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SOUNDS | from page 14 on Hamilton Street. A formal dedication of the site is expected in September. The ceremony will include burial of the time capsule created during the 2015 anniversary celebration. The brochure describes Rund Hill as “Part of a highly significant Native American Cluster,” noting that Native Americans gathered stone from the ledge of jasper at the foot of Round Hill for tools. “As we near the realization of this collaboration with a variety of individuals and groups, we look forward to a site where the general public will be able to visit, attend events and share in the proud history of Round Hill,” the brochure noted. “The area’s extensive history, culture and natural resources will be preserved for future generations. The results of this partnership will be an amazing picture of our past being created in-situ through the preservation of the Round Hill Historic Site,” it continued. Anyone can become “A Friend of Round Hill by making a donation to the Saugus Historical Commission, ℅ Round Hill Project, 298 Central St,, Saugus, MA 01906, Salaries are public business A few weeks back, I received an email from a town official wanting to know where I got my information for a story I wrote about the cable television budget. I told the official I got it from the public file, as salaries are very public information. Evidently some folks are under the misconception that stuff like salaries shouldn’t be publicized, as I was approached by another person at the Saugus High School graduation inquiring about how I got the information for my story. I told that person the same thing: it’s in the public file. And there’s a very basic reason for that. People have the right to know how their public money is spent. A time to remember Officer Vitale It’s been nearly 32 years since Saugus Police Officer Harold L. Vitale was killed in the line of duty. But his family and friends -- many of them from Revere, where he grew up -- keep his memory alive every year at about this time. Next Saturday (June 17) from 11 a.m. to 1 p.m., the family and representatives of the Officer Harold L. Vitale Memorial Fund will gather near the end of Ballard Street in Officer Vitale Memorial Park, which was constructed by the Town of Saugus in 1992 in his honor. There, they will gather to award several scholarships in his honor to students from Saugus, Revere and other area communities. Since the scholarship fund was launched in 1992, 110 scholarships totaling more than $110,000 have awarded to collegebound students. Officer Vitale was killed in the line of duty in the early morning hours of June 18, 1985 while attempting to make an arrest when he was dragged over 1000 feet to his death. Officer Vitale was 42 at the time and married to his wife Eileen where he lived in Ipswich with three children, Paul, Michelle and JacLyn. Officer Vitale’s badge # 17 was retired upon his death Teen TV Summer Workshop This just in from Michelle Madar, production manager at Saugus Community Television Inc. Stop-Motion Animation Workshop. “Did you hear the news?” Madar wrote in an email we received last week. “Saugus TV won an Award for a 2-minute Stop-Motion Animation Promo. Want to know how we did it? Here is your chance to find out how, AND to make one for yourself!” Saugus TV is offering a two-week workshop for Grades 8-12 (2017 Grads welcome) where you will learn the major stop-motion techniques, the basics of editing the video with Final Cut X and a brief history of Stop-Motion. This workshop will meet Monday, July 10; Tuesday, July 11; Wednesday, July 12; Monday, July 17; Tuesday, July 18 and Wednesday, July 19 from 2 to 5 p.m. It is free to all Saugus Teens. “We will also be hosting a viewing party on Friday July 21 for friends and family to view the final production,” Madar said. Space is limited. So, register with Michelle Madar at m.madar@ saugustv.org by July 7. Technology grants for Saugus Public Schools Saugus Public Schools is one 16 school districts that have been selected to receive a total of $847,059 in state grants for technology infrastructure that will strengthen digital learning, the Baker-Polito Administration announced last week. The Belmonte Middle School will receive $31,642 and the Veterans Memorial Elementary School will get $24,220 in grant mon-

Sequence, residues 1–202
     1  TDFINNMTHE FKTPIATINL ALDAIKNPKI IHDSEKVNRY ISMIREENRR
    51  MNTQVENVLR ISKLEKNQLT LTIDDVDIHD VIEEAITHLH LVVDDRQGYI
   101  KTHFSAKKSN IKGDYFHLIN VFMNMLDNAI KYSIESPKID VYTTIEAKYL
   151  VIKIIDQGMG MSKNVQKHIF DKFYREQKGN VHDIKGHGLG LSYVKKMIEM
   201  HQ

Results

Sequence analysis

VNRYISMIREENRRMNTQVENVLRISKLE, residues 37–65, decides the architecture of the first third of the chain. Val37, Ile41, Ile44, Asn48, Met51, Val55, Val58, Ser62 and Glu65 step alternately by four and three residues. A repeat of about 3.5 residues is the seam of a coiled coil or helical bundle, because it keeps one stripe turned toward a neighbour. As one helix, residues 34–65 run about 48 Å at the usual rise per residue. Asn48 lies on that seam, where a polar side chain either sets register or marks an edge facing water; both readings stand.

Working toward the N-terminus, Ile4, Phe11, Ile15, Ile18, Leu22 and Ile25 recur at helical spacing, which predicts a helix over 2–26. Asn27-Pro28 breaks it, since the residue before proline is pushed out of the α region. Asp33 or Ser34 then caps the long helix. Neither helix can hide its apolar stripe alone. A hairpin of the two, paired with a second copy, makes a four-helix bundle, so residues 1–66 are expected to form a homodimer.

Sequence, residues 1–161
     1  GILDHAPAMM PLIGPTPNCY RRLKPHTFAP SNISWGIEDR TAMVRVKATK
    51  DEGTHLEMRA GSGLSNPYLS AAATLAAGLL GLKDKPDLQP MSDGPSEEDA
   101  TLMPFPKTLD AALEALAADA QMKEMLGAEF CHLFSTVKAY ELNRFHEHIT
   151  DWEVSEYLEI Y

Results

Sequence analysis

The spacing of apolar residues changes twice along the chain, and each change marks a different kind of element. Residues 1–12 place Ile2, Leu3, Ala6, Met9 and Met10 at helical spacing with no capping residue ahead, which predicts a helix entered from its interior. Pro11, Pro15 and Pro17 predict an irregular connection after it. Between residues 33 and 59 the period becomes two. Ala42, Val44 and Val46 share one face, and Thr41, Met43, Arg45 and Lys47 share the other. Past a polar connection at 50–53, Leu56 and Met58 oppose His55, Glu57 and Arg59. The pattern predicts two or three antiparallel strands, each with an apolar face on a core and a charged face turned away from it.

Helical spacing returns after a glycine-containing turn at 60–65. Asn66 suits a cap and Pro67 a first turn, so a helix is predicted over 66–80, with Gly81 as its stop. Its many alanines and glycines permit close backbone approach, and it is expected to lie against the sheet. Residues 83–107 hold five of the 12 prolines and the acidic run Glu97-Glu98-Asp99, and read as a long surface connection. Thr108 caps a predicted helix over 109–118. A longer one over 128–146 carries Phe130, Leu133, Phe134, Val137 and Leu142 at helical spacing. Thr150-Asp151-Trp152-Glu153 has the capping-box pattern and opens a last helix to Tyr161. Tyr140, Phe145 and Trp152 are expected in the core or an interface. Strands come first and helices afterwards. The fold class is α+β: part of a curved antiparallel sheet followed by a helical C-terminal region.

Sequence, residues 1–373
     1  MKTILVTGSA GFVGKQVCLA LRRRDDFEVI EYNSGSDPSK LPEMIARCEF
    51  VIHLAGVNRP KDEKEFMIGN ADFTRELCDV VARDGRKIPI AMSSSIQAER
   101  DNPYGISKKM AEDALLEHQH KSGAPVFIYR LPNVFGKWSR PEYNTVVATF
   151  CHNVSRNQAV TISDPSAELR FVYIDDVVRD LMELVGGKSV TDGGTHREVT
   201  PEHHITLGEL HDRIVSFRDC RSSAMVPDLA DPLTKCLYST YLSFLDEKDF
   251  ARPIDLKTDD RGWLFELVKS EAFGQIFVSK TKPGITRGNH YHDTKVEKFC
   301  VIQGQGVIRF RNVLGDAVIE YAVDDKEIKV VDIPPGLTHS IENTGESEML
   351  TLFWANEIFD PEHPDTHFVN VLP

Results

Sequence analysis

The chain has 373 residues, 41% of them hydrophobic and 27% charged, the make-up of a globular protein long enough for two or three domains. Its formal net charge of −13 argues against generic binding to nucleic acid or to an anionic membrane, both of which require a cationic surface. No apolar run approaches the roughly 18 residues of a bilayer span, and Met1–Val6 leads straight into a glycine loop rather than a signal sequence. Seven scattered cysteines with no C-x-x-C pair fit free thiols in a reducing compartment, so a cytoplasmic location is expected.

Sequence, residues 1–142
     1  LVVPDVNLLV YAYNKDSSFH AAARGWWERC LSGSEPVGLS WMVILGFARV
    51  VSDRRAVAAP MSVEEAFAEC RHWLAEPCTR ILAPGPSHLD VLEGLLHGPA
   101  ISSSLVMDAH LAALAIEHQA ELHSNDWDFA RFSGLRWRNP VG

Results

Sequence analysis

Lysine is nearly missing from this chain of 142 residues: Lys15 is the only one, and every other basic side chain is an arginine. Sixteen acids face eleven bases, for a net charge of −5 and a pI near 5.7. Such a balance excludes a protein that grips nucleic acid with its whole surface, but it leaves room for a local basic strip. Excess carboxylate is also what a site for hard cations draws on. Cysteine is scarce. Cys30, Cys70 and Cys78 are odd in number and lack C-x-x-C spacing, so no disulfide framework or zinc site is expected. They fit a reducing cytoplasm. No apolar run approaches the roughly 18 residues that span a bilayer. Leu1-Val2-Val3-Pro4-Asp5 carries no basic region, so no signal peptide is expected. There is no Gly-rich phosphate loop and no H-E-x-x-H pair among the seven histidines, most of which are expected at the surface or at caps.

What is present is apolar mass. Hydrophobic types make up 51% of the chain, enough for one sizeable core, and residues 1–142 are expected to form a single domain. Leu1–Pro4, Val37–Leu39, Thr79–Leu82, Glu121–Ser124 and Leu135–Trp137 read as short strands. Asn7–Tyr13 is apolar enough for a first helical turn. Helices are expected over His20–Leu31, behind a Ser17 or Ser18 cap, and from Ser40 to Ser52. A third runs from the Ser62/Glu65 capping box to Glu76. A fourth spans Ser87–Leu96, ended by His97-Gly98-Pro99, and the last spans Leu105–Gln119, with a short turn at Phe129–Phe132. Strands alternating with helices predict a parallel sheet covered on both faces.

ey, according to a press release from the governor’s office. The state’s investment will leverage approximately $1.13 million in additional local funds. The grants to these schools, which include 11 rural schools, 19 suburban schools and 11 urban schools, will impact nearly 22,000 students. “Technology in the classroom is an essential part of preparing our students for successful academic and professional careers,” Governor Charlie Baker said. “The enhanced access to technology through these grants will improve each district and help ensure Massachusetts remains a national leader in education.” “The Digital Connections Partnership School Grants announced today are another example of the state and municipalities working together to provide better services at the local level,” Lieutenant Governor Karyn Polito said. “We look forward to the sixteen school districts and forty schools across the Commonwealth utilizing these funds to improve their students’ educational experience.” “Technology is essential in preparing our students for success in the 21st century,” Secretary of Education James Peyser said.“ The opportunities these students will receive due to these grants will put them at a great advantage when they are preparing for the college and the workforce demands of the future.” Administered by the Department of Elementary and Secondary Education and the Office of Municipal and School Technology at MassIT, the program provides state funds to increase the discounts communities receive from E-rate, a federal program that provides technology discounts to schools and libraries. Grant recipients were selected through a competitive application process. The Digital Connections Partnership Schools Grant is a matching state grant program that will help public schools strengthen 21st-century teaching and learning through the use of technology such as Wi-Fi and increased broadband access. “I am thrilled that the state is able to help make better technology available to students and teachers,” Mitchell D. Chester, Commissioner of Elementary and Secondary Education said. “The ability to use technology and harness resources from around the world will broaden students’ horizons and make them stronger scholars, citizens, and, eventually, members of the workforce.” More information about the Digital Connections Partnership Schools Grant is available athttp://www.doe.mass.edu/odl/ grants/DigitalConnections.html.